Use continuous focus mode and keep your AF engaged the entire time. This will ensure your camera keeps adjusting focus as your subject moves. Even a bird on a branch that seems to be sitting still is making constant, sometimes barely perceptible movements—as are you!

Shoot longer bursts. The more shots you take at once, the greater your chances will be of getting one that’s perfectly sharp. It’s a numbers game.

If you’re shooting hand-held, perfect your skills by using your body like a tripod. Keep your upper arms pinned to your body. Rotate smoothly at the waist as you pan with a bird in flight. Hold your breath as you press the shutter.

Image of a brown bear eating grass.

Young brown bear eating sedge grass, Lake Clark, Alaska.

While you’re on a tripod, consider using a cable release device to trigger the shutter without touching the camera. This will reduce camera shake caused by your body, especially if you’re using a longer exposure. In a pinch, if you don’t have a cable release, use your camera’s self-timer. With a DSLR, try shooting in Live View, where you’re essentially in a mirror lockup mode and can thus eliminate any issues with mirror bounce. Live View also offers the advantage of allowing you to zoom into an area of the image and then manually focus on that spot.

If your lens has image stabilization, turn it on. If there are a couple of different modes offered, read the manual to determine which works best for your style of shooting. These days, it seems the conventional wisdom is to leave it on with tripods, as most modern lenses can sense the tripod, but check to be sure this is true for your particular lens.

If photographing from a car or house, be aware that the heat differential between a warm interior and the cold outside can create heat distortion that makes it impossible to get a sharp image. Cool the interior down before shooting into a cold outdoors.

If your gear is superb and your technique is terrific but you still find that your images are missing critical sharpness, you may want to consider fine-tuning your autofocus (also known as lens calibration). Some cameras have this ability built in. There is also a host of available software that can assist you with this, or you can send your lens back to the manufacturer for adjustment.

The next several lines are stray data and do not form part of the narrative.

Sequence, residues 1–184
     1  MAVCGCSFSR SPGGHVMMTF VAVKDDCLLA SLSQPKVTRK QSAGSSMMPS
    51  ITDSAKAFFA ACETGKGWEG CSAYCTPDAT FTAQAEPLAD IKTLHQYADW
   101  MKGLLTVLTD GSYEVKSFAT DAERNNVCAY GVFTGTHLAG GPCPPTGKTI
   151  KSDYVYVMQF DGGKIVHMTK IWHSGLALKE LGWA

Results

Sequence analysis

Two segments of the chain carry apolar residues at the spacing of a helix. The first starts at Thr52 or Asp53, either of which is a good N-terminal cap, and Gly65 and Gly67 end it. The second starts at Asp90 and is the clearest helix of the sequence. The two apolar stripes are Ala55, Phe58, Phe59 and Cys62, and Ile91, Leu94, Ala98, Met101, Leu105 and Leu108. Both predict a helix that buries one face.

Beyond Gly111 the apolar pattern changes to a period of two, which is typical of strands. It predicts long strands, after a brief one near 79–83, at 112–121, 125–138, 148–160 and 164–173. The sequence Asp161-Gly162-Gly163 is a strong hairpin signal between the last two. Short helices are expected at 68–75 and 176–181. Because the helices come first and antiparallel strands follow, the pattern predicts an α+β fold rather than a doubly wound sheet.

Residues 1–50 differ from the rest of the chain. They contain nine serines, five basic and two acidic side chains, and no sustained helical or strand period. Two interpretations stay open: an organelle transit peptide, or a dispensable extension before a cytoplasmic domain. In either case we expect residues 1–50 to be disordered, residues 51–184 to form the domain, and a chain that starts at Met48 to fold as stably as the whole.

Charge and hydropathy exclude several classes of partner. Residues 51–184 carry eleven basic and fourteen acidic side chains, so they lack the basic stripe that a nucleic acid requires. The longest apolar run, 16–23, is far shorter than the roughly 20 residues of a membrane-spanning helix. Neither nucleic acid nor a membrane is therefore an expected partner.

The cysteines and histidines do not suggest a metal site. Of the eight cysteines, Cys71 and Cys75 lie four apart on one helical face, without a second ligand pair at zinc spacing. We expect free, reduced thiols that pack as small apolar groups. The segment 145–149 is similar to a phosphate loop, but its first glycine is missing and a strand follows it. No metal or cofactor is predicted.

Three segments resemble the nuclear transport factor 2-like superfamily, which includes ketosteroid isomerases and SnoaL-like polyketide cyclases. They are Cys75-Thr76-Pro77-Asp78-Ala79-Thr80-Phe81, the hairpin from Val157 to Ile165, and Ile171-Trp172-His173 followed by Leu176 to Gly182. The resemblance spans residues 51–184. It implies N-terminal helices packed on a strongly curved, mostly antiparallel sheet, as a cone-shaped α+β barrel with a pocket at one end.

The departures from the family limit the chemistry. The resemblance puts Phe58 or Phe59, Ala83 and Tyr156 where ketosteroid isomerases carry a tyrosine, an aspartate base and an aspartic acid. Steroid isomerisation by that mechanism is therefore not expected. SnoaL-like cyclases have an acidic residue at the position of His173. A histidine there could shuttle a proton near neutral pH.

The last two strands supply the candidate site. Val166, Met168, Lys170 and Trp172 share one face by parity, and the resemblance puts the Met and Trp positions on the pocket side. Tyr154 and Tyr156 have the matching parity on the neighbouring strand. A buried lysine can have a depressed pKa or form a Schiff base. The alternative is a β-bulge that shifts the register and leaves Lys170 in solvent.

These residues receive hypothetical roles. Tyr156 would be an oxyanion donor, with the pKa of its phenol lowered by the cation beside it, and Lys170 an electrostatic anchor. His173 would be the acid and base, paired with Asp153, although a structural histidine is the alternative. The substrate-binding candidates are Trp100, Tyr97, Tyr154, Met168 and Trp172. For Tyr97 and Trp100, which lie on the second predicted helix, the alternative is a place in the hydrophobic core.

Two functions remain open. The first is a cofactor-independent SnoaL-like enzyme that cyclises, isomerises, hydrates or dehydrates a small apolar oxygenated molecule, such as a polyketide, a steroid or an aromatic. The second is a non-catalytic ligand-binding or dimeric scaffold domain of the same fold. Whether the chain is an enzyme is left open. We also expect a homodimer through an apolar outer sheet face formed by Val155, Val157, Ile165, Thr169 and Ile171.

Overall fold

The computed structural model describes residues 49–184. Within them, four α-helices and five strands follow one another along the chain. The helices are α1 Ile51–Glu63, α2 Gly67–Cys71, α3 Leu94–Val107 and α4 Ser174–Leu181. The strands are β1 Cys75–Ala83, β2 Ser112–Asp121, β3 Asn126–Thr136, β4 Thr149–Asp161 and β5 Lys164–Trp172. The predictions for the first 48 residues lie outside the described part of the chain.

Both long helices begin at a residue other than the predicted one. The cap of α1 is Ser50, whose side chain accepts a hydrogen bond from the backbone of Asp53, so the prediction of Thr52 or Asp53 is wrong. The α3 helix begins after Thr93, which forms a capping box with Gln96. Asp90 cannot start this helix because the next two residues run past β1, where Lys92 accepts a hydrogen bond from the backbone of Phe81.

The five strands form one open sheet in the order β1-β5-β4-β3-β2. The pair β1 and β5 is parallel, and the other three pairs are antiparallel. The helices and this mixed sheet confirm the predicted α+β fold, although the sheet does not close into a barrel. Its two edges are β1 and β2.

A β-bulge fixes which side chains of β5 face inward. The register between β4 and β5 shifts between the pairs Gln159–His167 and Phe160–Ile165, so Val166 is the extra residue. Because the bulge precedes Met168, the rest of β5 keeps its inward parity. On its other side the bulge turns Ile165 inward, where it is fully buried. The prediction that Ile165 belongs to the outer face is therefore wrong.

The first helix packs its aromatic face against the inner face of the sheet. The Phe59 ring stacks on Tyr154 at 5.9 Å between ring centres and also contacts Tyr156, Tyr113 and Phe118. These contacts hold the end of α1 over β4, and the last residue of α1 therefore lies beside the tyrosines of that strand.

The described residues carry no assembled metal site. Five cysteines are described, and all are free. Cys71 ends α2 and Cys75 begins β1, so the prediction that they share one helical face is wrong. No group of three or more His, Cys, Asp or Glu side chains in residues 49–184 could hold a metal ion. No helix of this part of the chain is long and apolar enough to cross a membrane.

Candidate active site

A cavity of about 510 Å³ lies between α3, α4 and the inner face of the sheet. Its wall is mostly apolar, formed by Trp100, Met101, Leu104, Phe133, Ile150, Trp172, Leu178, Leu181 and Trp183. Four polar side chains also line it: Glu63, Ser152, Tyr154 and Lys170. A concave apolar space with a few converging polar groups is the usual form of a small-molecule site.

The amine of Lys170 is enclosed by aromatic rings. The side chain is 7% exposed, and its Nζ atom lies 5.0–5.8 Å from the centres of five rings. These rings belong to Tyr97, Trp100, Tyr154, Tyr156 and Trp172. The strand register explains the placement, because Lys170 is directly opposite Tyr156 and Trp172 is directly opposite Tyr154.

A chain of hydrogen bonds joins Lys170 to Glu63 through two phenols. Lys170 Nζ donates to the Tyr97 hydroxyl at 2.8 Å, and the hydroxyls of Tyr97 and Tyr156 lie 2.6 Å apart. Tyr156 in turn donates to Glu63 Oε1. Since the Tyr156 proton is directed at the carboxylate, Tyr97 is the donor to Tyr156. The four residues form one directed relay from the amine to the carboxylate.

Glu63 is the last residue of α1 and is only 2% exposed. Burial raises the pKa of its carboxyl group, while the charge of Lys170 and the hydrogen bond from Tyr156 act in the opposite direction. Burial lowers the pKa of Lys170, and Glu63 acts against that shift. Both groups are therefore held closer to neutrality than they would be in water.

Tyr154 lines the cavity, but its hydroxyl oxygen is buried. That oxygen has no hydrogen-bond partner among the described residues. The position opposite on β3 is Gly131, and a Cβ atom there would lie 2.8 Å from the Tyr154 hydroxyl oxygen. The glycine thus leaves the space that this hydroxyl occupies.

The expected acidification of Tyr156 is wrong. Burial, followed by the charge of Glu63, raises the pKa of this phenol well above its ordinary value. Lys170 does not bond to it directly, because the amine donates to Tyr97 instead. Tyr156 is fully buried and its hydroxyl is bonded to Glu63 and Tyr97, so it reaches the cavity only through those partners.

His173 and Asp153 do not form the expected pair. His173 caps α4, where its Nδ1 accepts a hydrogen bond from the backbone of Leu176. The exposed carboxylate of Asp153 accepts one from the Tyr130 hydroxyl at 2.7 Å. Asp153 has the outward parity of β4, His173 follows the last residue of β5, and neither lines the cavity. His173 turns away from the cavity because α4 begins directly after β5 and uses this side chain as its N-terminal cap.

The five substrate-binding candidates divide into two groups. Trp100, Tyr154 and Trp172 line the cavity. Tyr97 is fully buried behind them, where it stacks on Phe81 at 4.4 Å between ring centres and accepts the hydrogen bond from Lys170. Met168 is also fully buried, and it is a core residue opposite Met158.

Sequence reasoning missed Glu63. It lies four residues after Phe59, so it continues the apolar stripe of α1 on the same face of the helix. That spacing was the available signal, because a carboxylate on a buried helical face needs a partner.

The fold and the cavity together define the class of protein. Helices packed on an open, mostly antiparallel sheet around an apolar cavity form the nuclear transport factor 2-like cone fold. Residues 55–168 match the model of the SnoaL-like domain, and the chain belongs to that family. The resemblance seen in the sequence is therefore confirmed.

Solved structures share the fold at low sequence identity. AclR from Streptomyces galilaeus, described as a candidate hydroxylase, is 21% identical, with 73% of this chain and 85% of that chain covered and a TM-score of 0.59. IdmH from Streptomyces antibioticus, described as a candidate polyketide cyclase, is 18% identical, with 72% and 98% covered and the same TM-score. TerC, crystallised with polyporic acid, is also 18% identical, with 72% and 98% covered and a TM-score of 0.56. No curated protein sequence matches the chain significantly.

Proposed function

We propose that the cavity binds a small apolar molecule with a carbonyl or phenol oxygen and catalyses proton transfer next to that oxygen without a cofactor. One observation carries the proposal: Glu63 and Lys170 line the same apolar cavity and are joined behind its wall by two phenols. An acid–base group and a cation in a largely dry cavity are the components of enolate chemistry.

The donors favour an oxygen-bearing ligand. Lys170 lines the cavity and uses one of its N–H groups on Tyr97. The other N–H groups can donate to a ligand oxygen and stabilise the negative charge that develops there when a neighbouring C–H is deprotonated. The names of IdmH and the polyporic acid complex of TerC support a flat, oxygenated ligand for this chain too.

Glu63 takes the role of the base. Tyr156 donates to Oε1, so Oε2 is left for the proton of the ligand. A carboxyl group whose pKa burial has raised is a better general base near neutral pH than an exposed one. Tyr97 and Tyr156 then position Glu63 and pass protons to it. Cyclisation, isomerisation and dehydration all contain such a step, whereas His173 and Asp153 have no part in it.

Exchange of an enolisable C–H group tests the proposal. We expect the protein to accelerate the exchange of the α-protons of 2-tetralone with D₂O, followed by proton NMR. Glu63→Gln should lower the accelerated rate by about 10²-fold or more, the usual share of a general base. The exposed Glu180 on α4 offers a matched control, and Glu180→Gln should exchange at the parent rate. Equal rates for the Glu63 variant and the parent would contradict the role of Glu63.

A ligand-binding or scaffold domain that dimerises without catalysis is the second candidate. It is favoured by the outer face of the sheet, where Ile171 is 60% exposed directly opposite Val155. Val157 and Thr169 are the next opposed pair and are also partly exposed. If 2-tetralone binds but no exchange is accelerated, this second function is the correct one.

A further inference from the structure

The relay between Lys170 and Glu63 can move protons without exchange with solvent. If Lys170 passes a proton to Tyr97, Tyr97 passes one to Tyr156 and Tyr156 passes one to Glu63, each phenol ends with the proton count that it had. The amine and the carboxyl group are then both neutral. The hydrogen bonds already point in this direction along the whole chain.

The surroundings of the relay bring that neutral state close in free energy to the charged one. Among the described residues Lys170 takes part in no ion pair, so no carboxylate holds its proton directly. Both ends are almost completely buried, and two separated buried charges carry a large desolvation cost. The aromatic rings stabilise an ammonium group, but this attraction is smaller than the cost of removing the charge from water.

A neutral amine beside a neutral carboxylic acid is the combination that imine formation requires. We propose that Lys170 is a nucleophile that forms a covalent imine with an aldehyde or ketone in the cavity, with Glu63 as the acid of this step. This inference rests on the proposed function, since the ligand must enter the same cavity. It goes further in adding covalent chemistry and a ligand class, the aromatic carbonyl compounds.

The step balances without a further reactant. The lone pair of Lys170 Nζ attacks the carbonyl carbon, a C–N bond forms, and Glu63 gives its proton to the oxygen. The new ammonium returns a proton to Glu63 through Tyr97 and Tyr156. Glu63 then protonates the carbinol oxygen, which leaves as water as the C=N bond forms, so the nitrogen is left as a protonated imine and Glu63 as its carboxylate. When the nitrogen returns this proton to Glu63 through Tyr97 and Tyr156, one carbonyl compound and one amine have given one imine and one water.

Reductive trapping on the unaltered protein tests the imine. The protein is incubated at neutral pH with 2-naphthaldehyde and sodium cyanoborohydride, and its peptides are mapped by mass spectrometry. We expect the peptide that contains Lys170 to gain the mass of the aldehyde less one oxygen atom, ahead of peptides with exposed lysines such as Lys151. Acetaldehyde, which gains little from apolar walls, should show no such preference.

It’s critical as a wildlife photographer to know the tools and techniques that will help you achieve a sharp shot in camera, but I want to conclude by saying that it’s also essential to look beyond technical perfection. Don’t overlook a marvelous storytelling photo or a uniquely artistic style simply because it might exhibit less-than-perfect crispness. As the famous quote goes, “Know the rules like a pro so you can break them like an artist.”

Melissa Groo is a wildlife photographer, writer and conservationist. She believes that photography can be both fine art and a powerful vehicle for storytelling and education, and considers herself a “wildlife biographer” as much as a wildlife photographer. Passionate about ethics in nature photography, Groo is represented by Nat Geo Creative, a contributing editor to Audubon magazine and an Associate Fellow with the International League of Conservation Photographers. She advises the National Audubon Society on ethical photography, and has also counseled National Wildlife magazine and NANPA (North American Nature Photography) on guidelines for ethical wildlife photography. She also serves as a member of NANPA’s Ethics Committee. In 2017, Melissa received the Katie O'Brien Lifetime Achievement Award from Audubon Connecticut, for demonstrating exceptional leadership and commitment to the conservation of birds, other wildlife and their habitats. She also received the NANPA 2017 Vision Award, given to a photographer every two years in recognition of early career excellence, vision and inspiration to others in nature photography, conservation and education.